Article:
Naturally, then, there is a key moment in the series where both Jo and Clance have to stand up for themselves and explain that they have a lot of stuff going on in their lives, that they are far bigger than the sidekick roles that it seems like they inhabit (a forced trade allows Jo to flourish as the star player in the league and Clance is dealing with her husband being drafted into the war). The show has a wonderful sense of showing the bubble that Carson, Greta and Max sometimes find themselves in, while at the same time, it doesn’t really judge them, as, again, we all see ourselves as the stars of our own stories, it is just that we often forget that other people are the stars of theirs, as well.
That same idea goes along with the other Rockford Peaches. There’s a great moment where Carson tracks her rival on the team, Lupe García (Roberta Colindrez) to an underground gay club, where she accuses her of trying to get traded to another team. As you might imagine, a woman shouting “This is so wrong, I can’t believe you’re trying to play for the other team!” in a gay club has a whooooooole other meaning than Carson’s intent. Lupe is there with her best friend, Jess McCready (Kelly McCormack), whose sexuality is such a given that there is really no such thing as her “coming out” in the story, since she was clearly were never in, but they were having their whole other story together with Lupe (including a sort of de facto family being forced on the two friends with their young teammate, Esti González, played by Priscilla Delgado, who reminds Lupe of the daughter she was forced to give up when she was younger).
This is a rich, detailed world, filled with rich, detailed characters, who all have so much going on under the surface (like Carson’s husband, played by Patrick Adams, who is hiding a mental breakdown he suffered overseas during the war, or Carson’s roommate Shirley, played by Kate Berlant, who is highly homophobic, or Max’s mother Toni, played by Saidah Arrika Ekulona, who is an enigma wrapped in a mystery when it comes to how she handles Max’s gender identity, especially since Toni’s brother is a trans man). It is great to see all of these well-developed characters given the chance to shine together. The acting is amazing.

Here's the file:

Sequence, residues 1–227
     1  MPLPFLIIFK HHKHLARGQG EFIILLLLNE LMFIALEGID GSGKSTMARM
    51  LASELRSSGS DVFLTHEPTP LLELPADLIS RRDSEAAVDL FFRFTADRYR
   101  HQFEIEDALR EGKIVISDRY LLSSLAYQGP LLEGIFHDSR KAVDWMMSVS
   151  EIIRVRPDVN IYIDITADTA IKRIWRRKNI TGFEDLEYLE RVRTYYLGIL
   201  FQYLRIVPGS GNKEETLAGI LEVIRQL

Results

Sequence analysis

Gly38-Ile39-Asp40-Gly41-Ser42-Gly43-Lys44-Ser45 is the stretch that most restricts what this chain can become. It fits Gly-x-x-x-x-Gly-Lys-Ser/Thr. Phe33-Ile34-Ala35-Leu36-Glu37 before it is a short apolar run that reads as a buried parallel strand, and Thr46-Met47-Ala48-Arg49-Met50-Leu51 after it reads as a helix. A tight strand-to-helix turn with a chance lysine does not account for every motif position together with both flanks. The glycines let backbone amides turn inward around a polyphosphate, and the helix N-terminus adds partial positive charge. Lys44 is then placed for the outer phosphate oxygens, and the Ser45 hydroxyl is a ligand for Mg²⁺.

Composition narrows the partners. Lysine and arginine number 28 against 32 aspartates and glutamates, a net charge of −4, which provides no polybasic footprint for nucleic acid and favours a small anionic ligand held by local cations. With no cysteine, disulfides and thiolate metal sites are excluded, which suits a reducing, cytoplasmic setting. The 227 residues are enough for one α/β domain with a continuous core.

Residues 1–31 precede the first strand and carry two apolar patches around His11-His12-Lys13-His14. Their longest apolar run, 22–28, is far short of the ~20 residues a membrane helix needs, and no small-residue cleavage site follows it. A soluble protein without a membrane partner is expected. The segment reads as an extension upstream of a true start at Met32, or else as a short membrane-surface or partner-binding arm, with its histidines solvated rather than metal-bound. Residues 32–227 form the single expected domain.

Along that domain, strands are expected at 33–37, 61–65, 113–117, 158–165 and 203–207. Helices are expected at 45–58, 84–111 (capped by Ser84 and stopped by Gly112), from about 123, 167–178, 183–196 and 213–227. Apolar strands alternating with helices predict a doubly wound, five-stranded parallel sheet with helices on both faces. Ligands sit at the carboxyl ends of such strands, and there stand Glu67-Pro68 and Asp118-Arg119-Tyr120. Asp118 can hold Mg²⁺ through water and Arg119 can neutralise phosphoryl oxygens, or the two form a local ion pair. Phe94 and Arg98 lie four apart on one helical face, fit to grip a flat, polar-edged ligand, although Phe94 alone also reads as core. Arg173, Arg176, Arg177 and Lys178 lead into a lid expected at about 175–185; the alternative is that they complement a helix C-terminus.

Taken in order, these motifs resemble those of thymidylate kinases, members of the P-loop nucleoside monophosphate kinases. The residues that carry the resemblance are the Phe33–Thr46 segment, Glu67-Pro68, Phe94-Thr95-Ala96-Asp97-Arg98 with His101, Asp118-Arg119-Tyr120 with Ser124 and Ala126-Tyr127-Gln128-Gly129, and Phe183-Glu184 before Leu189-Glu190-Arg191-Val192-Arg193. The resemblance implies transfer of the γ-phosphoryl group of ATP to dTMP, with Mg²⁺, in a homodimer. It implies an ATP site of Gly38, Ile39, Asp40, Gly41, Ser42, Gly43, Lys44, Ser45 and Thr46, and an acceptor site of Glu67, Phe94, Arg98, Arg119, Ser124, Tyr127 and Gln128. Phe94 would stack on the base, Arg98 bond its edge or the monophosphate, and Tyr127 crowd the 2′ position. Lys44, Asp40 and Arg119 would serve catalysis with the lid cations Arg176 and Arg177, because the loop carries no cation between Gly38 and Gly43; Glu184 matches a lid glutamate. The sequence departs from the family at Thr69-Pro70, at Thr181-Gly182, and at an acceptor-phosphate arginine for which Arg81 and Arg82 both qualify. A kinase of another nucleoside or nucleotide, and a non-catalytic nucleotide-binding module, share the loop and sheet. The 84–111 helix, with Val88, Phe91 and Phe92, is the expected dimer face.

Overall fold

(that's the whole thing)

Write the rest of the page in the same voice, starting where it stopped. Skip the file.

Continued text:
Molly Ephraim is another standout, as a mother of a bunch of kids who just takes to the chance to shine for a summer without her kids to the same way that a sailor would take to weekend leave. Her stuff isn’t as deep as the others, but damned if Ephraim isn’t one of the sharpest comedic actors around. I can’t get over how well the casting on Last Man Standing was with the daughters on that show between Ephraim, Kaitlyn Dever (already a standout in Justified, but still) and Krista Marie Yu (currently killing it on a thankless role on Reboot on Hulu), who played a foreign exchange student who lived with the family on that longrunning Tim Allen sitcom.
This is a heartfelt and joyful series that I think you really should check out.
Okay, this feature is a bit less of a reader-interactive one, as I’m just spotlight stuff in modern pop culture that specifically impressed ME, but heck, if you’d like to send in some suggestions anyway, maybe you and I have the same taste! It’s certainly not improbable that something you found cool would be something that I would find cool, too, so feel free to send ideas to me at email@example.com